Anyone who's gotten lost in an unfamiliar neighborhood knows there's more to the Valley's homes than faux adobe.
And while there's certainly no shortage of annual home tours dedicated to the central city's historic neighborhoods, those who enjoy peeking into and poking around strangers' homes had another opportunity to do so this weekend.
The second installment of Dwell
magazine's Dwell Home Tours
series came to Scottsdale on Saturday, May 21, for a look at modern living
in the desert as curated by the publication's editors. Presented in partnership with the Scottsdale Museum of Contemporary Art (which, in conjunction with Modern Phoenix, helps produce the annual Modern Phoenix Week and the always-sold out Modern Phoenix Home Tour), the self-guided tour highlighted five distinct residences in Arcadia, Paradise Valley, and Scottsdale.
Tickets weren't cheap at $100 each, but the purchase of one got tour-goers into a separate "Meet the Architects" evening at SMoCA
the night before. While the price-point was steep, it did make for a more intimate experience: Fewer people meant smaller crowds, and smaller crowds meant more architecture and the ability to engage with the homeowners, designers, and architects throughout the tour.
Known for publishing drool-worthy designs and being chock-full of architectural envy, Dwell
is no stranger to Phoenix's stretch of the Sonoran Desert. Last year, in collaboration with the Monogram appliance company, the magazine brought its Monogram Modern Home to Scottsdale. The city was just one of six on the $325,000 prefabricated home's summer tour. Not to mention many of the Valley's most coveted homes have graced the publication's glossy pages or been featured online
, like a half-historic, half-modern design
in the Coronado Historic District and Christoph Kaiser's wildly popular grain silo-turned-homestead
This weekend's event featured designs by Will Bruder Architects, StudioROEDER, Lightvox Studio, and Woolsey Studio (MAYA). Each represented a different interpretation of desert living with unique plays on form and function.
Built by Will Bruder Architects, 1998
3,316 square feet, Pinnacle Peak
The Byrne/Bills Residence is no stranger to publicity. Designed by Will Bruder Architects
, the two-story single-family home is one of his most recognizable pieces. Built by Bill and Carol Byrne and presently owned by David and Martha Bills, who bought the home in 2010, the residence echoes its north Scottsdale desert surroundings, from the copper accents and metal walls to the large windows and concrete detailing.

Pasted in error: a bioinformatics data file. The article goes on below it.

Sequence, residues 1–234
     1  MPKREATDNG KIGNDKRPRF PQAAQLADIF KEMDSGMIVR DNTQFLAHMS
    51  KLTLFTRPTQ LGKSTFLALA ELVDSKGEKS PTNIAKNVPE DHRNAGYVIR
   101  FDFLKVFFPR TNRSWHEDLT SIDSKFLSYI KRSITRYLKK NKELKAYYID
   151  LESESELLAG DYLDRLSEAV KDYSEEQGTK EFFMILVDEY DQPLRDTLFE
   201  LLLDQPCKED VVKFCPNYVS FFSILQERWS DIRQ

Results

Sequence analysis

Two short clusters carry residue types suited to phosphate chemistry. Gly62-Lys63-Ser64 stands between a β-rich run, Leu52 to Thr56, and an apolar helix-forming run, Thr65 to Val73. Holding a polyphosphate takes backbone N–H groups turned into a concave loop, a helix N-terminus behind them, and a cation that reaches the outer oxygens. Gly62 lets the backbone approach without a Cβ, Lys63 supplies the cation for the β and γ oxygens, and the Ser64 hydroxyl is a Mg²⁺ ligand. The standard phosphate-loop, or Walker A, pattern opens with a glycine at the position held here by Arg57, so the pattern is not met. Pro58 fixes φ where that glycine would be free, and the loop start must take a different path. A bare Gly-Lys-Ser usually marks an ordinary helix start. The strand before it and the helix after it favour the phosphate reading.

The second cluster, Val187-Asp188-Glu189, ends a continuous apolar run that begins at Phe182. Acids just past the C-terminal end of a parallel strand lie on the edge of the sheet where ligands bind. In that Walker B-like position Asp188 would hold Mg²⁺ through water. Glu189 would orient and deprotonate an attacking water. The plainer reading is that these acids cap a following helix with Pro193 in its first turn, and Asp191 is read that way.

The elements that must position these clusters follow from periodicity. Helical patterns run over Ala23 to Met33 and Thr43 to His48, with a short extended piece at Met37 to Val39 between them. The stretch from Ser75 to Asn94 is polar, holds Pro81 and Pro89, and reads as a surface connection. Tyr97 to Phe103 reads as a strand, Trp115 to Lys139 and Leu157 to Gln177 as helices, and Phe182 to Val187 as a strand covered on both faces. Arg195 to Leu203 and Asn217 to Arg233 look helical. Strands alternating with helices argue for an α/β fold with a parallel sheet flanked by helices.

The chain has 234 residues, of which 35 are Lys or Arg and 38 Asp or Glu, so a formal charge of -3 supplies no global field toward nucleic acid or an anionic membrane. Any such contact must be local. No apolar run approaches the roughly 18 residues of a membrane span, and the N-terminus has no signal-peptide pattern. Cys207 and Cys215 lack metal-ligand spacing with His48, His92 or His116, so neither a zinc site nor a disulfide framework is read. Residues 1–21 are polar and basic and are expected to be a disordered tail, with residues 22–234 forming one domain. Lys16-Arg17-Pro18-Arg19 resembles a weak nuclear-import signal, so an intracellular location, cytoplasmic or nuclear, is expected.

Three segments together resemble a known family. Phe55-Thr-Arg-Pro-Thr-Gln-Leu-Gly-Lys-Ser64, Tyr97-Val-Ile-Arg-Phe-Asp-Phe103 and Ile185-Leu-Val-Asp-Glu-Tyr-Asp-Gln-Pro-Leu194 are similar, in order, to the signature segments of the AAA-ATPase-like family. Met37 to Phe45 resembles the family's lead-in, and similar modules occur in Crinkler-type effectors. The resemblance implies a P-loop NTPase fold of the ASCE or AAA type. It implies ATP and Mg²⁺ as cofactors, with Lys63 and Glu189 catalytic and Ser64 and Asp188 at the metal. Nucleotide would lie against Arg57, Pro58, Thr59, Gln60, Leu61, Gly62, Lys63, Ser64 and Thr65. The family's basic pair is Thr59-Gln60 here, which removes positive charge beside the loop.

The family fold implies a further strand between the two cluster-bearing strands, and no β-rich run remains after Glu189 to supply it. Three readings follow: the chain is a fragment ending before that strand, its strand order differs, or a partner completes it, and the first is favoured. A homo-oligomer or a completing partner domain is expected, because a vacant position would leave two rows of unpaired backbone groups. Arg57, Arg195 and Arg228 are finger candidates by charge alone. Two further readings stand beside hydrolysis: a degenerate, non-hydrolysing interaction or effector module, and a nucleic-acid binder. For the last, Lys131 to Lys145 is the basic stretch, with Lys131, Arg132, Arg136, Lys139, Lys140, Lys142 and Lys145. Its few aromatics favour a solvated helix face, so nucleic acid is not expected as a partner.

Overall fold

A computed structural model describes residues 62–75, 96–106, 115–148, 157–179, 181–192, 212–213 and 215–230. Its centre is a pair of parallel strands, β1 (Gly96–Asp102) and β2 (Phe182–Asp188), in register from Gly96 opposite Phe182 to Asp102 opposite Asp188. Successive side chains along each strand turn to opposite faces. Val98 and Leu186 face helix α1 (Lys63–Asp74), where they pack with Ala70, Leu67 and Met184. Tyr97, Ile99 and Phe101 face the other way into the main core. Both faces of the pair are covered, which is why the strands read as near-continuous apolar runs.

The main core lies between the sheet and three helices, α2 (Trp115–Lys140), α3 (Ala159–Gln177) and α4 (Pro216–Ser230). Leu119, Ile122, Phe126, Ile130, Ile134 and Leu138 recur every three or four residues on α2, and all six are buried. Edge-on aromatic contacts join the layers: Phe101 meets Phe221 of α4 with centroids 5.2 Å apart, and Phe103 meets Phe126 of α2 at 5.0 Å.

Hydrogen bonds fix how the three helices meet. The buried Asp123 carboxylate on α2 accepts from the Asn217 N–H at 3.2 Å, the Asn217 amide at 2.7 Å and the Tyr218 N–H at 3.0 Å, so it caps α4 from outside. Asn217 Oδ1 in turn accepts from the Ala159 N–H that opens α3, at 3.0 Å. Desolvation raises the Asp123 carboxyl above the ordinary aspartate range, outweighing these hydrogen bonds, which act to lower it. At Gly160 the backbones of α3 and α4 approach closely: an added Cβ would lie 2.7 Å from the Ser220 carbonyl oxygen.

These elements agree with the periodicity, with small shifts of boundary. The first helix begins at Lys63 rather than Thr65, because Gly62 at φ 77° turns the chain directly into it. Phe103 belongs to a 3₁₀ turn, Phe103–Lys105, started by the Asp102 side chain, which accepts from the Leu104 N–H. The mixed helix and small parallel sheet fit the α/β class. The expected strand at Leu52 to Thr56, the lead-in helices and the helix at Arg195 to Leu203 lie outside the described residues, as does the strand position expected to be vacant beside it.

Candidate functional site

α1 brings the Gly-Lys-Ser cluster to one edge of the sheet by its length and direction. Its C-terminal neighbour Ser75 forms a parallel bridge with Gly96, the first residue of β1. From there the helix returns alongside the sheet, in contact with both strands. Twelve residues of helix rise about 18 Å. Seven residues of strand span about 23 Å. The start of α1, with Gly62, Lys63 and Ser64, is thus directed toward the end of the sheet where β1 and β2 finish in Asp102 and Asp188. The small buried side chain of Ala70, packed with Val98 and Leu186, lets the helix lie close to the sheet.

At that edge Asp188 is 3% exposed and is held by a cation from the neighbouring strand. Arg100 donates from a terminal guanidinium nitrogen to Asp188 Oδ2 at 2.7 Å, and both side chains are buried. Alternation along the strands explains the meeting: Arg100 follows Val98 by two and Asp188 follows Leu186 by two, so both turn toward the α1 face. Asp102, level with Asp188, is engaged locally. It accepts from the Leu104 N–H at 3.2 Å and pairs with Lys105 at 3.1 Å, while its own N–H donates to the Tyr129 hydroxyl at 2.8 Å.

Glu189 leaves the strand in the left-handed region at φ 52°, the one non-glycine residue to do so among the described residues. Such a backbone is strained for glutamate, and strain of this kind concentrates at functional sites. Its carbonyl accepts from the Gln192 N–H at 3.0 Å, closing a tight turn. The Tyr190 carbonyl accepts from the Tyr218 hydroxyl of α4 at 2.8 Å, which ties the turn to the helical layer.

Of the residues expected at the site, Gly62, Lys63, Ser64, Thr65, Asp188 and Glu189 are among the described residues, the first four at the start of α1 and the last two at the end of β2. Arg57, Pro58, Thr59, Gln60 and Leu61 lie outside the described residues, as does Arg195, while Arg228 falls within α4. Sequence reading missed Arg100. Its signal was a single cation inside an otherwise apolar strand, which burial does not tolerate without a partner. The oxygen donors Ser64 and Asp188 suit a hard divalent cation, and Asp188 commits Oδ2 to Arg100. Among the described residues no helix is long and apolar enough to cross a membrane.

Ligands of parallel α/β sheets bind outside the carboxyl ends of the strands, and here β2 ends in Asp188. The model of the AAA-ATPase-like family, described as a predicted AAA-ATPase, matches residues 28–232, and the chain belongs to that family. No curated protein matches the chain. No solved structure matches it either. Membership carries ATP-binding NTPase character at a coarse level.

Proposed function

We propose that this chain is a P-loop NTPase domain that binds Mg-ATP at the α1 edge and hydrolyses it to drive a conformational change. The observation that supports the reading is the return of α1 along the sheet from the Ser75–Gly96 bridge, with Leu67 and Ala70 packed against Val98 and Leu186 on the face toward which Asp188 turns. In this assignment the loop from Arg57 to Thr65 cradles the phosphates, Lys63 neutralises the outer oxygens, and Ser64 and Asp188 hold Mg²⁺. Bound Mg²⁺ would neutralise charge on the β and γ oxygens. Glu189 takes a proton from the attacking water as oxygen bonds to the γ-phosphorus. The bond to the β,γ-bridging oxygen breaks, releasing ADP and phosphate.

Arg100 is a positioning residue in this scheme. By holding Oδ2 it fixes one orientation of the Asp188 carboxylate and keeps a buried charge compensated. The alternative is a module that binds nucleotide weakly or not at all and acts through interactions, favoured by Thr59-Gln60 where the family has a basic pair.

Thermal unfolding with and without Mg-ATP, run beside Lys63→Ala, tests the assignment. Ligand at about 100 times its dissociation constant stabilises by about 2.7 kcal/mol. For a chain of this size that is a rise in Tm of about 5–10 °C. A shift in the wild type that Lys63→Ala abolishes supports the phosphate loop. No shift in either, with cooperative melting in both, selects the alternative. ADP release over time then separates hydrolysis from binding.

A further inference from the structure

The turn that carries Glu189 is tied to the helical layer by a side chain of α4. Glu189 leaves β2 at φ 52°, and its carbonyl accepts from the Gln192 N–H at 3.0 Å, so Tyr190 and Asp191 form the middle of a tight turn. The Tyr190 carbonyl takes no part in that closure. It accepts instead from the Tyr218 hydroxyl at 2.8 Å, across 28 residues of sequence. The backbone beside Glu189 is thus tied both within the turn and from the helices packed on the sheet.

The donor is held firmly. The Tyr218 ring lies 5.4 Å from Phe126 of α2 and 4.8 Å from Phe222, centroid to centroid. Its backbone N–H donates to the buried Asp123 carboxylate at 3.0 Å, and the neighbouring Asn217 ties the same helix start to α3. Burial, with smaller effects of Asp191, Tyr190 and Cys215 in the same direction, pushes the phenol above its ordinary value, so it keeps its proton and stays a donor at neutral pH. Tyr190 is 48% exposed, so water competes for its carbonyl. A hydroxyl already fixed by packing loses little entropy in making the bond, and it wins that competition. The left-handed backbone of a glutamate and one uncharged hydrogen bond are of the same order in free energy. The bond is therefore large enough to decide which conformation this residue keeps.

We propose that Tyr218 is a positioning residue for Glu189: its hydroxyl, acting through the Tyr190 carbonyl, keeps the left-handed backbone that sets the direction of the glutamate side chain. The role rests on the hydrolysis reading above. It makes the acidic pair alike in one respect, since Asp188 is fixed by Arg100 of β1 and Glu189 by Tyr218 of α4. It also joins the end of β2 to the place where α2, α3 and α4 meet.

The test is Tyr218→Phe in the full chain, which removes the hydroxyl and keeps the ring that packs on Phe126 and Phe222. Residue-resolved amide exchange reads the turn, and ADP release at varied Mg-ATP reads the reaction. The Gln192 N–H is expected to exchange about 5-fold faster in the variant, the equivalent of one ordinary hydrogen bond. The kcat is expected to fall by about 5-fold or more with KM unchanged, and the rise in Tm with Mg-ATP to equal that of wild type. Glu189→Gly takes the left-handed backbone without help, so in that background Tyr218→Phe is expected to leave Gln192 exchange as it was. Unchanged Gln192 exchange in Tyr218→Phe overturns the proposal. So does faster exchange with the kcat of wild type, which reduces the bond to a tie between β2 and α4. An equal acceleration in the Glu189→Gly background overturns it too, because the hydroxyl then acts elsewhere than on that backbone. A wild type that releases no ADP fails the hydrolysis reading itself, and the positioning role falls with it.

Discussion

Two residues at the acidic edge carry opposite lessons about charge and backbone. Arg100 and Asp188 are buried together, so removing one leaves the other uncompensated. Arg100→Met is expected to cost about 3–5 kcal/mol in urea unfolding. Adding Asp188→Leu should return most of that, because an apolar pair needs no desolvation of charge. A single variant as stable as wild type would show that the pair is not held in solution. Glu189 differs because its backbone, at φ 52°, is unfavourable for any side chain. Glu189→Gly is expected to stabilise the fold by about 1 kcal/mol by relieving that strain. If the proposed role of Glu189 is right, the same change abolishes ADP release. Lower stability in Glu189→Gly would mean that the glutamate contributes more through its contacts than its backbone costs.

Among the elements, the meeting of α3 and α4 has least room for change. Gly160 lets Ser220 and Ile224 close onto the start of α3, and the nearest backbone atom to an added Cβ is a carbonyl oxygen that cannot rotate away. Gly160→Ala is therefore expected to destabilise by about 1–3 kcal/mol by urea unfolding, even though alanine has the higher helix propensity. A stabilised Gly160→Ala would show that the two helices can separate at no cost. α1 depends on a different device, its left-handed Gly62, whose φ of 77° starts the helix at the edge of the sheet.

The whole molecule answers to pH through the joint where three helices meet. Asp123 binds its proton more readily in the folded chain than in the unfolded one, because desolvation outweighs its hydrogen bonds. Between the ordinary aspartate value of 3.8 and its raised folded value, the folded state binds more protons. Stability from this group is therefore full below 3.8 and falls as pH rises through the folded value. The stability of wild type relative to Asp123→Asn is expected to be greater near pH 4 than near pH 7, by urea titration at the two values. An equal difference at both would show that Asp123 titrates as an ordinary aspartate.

Bruder, who designed Burton Barr Library in Central Phoenix, is known for creating buildings that are geometrically stunning with unexpected floor plans, like the small upstairs kitchen and downstairs living room that peeks out into the surrounding desert, as the house borrows from nature as its inspiration. The home itself is full of unique art, but its execution and the details of the design are pieces of art unto themselves.
Built by Will Bruder Architects, 2007
3,434 square feet, Paradise Valley
Nearly a decade later, Bruder created a similar experience on a mountainside in Paradise Valley, where expansive views of the McDowell Mountains and the natural landscaping of the lot take desert living to new — and literal — heights. The design uses steel, copper, and glass to create a facade that stands out without doing so loudly, while the interiors seem to play with light and subtlety: the floors are cork or concrete, and the living room feels almost exceptionally grand — despite its size, a washer and dryer is hidden behind cabinetry (which extends to the ceiling) in the master bath. A small, waist-high window looks directly into the rocks on which the home is built, and natural light, from the windows of the master bedroom to the hallways, is abundant.
Like Bruder's other designs, despite entering at the upper level (which houses the bedrooms and an office), the living space is cordoned off from the rest of the home, located downstairs and across from an open kitchen. A music studio and potter's room are also on the lower level, as is access to the pool. Bruder likes to play with space, giving the illusion of some when there is little and challenging expectations when it comes to a floorplan. With the Jarson residence, that makes for a dramatic touch — and an ideal home for two of the town's prominent real-estate professionals.
Renovated by StudioROEDER, 2015
2,427 square feet, Marion Estates
If the Jarson Residence is what happens when you design for real-estate agents (high drama, big picture), then the Heiny Residence is the result of an architect creating for himself. The homeowner, an architect, collaborated with StudioROEDER
to update this 1958 home in east Phoenix, and the design is all about the details.
"As an architect, you're always sketching your own home," says Scott Roeder of this Marion Estates renovation. The midcentury original, two separate masonry structures, was created by George Allan & Hugo Olson architects and has been home to the owners for 30 years. Though the buildings could feel small, with their flat roofs, low parapet walls, and eight-foot-high ceilings, the space feels open and airy because of an expansive courtyard in the center of the property. An improved layout, designed by Roeder and featuring construction from 180 Degrees Inc., bridges the main house and guest house by creating an indoor-outdoor compound, with heavy reliance on Arcadia windows, weathered steel siding, and cold rolled steel details. The inside is an homage to the Midcentury Modern lifestyle, from the purposeful furniture to the replica Eames lounge chair among a larger collection.